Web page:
Teaching Comparative Government and Politics

Thursday, January 22, 2015

International or local terrorism

Mostly for teacher background.

The difference doesn't matter to the delegitimization of the Nigerian government, but it does matter to policy makers figuring out how to combat terrorism.

This op-ed piece is from The Monkey Cage in the Washington Post. The author, Hilary Matfess, is a student at Johns Hopkins University School of Advanced International Studies (SAIS), where she works on issues of governance, security and development in sub-Saharan Africa.

Boko Haram is not al-Qaeda
The international community is abuzz… expressing solidarity with victims of the Parisian terrorist attacks and acknowledging that, not only have the Chibok girls not been “brought back,” but that Boko Haram has extended its power across northeastern Nigeria in a particularly brutal manner.

Observers and pundits have caved to the temptation to draw similarities between these attacks, highlighting the global scope of the jihadistthreat and rehashing the importance of a multilateral approach to the Global War on Terror…

Abubaker Shekau
Though Abubaker Shekau — the current head of Boko Haram — has expressed solidarity with the missions of the Islamic State and al-Qaeda, partnerships between the groups have not developed…

More importantly, lumping these organizations together ignores the local conditions that give rise to their specific characteristics. Attempting to understand Boko Haram from a transnational perspective yields very little…

It’s critical to note that Boko Haram began as a largely non-violent (though anti-system) Muslim reform movement, targeting local imams and politicians that were unsympathetic to their strict interpretation of sharia law. The movement only became radicalized following the Nigerian government’s 2009 offensive, in which an estimated 700 people, including Boko Haram’s founder Mohammed Yusuf, were killed by members of the Nigerian security sector, while members of the Joint Task Force engaged in egregious human rights abuses and violations of the rule of law…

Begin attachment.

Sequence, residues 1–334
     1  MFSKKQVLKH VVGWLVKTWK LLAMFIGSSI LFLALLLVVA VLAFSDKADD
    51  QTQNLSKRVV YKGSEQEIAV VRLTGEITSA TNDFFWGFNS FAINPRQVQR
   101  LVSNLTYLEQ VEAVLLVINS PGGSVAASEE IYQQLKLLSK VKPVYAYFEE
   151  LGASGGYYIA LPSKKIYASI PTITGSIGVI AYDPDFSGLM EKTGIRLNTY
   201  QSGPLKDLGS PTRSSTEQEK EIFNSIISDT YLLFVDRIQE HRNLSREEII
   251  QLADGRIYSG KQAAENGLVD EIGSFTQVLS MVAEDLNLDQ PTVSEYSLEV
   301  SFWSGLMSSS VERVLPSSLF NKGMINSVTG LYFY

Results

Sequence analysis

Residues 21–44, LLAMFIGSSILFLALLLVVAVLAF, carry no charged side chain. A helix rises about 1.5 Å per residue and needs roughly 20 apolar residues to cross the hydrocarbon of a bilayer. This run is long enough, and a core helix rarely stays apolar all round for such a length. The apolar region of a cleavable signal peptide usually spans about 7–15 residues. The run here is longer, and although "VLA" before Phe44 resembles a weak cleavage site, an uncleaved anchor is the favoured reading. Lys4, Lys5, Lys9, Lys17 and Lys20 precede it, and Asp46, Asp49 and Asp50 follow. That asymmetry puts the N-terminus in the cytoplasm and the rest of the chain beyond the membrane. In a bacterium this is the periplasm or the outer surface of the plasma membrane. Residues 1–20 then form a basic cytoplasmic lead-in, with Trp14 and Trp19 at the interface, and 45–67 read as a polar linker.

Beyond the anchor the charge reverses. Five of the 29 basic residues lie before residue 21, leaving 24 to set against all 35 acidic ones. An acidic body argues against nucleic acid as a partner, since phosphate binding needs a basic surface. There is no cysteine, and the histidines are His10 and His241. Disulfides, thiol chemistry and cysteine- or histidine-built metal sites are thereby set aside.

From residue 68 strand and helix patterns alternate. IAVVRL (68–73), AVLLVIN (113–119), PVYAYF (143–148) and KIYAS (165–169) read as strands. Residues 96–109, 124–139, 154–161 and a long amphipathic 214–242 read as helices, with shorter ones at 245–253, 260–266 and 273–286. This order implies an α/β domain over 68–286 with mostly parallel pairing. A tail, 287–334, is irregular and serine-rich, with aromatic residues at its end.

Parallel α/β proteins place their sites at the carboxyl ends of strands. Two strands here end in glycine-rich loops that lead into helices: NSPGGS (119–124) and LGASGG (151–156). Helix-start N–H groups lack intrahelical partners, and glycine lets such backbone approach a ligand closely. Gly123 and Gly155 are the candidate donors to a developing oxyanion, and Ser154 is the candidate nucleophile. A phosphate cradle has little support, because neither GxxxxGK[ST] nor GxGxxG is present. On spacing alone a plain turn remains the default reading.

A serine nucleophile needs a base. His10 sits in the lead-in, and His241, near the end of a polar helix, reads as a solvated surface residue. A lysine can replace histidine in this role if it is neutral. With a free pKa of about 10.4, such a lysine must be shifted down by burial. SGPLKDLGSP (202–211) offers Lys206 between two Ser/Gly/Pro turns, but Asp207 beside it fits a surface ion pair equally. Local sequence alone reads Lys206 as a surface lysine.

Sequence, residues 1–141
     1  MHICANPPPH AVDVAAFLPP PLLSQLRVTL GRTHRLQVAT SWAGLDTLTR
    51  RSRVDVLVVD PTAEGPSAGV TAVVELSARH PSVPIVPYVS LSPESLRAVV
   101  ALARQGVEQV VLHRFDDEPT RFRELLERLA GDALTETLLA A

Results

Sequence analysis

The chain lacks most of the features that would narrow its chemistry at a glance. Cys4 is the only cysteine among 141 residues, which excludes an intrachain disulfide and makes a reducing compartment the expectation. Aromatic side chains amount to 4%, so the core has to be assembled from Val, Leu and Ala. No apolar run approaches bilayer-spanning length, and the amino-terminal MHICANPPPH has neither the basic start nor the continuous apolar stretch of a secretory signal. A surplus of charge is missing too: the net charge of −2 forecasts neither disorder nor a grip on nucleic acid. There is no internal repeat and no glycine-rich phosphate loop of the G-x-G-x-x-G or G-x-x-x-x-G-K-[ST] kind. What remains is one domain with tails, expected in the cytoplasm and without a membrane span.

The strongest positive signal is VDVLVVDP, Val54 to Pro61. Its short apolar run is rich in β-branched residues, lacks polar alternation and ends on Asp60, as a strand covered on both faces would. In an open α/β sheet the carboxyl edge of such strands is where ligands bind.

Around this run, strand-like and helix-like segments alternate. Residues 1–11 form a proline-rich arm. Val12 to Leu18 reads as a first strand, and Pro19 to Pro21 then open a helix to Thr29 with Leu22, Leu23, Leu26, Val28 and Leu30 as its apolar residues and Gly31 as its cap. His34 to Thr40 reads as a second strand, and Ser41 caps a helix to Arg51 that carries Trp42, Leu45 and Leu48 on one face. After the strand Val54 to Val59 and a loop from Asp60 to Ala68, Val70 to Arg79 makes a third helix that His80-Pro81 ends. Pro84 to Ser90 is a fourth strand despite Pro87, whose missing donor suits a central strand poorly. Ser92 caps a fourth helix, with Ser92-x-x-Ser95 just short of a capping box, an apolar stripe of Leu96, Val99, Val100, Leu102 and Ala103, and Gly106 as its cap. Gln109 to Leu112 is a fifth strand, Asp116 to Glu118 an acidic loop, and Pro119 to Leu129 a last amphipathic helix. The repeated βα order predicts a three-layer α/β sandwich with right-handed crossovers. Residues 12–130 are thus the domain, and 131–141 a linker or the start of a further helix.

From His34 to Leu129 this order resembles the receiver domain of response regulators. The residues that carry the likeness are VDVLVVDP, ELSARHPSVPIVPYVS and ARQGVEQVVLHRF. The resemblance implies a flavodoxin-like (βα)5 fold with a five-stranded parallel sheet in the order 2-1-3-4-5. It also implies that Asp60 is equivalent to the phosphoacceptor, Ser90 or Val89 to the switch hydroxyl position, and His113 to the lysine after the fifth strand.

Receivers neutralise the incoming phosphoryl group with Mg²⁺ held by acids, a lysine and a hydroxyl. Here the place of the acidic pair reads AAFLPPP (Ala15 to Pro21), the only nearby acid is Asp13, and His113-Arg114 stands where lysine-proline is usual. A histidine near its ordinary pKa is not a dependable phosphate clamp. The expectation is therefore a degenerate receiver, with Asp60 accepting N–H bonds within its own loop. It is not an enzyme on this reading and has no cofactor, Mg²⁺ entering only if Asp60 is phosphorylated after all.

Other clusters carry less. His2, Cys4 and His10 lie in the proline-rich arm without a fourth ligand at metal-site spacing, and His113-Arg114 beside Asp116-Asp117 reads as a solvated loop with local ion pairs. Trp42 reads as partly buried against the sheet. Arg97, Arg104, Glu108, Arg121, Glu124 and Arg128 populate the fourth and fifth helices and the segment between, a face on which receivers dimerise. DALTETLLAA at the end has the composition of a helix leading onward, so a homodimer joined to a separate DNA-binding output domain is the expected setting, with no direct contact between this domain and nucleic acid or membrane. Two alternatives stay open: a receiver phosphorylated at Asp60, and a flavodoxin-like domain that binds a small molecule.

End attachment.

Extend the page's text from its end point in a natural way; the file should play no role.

In Nigeria, the long-standing economic and political marginalization of the north has prevented the government from mounting a robust response to Boko Haram, and has allowed the insurgency to gain access to sophisticated arms through Sahelian trade routes; the abuses of government forces have given Boko Haram a platform from which to mobilize and a motivation for their ideological goals.

Treating terrorism as a monolithic, global network serves a specific political agenda, mobilizing support for well-intentioned but homogenous and ineffective counter-terrorism programs. Counter-insurgency and counter-terrorism programs that fail to acknowledge the context and characteristics of specific movements have failed and will continue to fail.

The international community owes it to the survivors of such horrific attacks to assist in the design and implementation of effective programs, recognizing that while the struggle is global, all politics are local.

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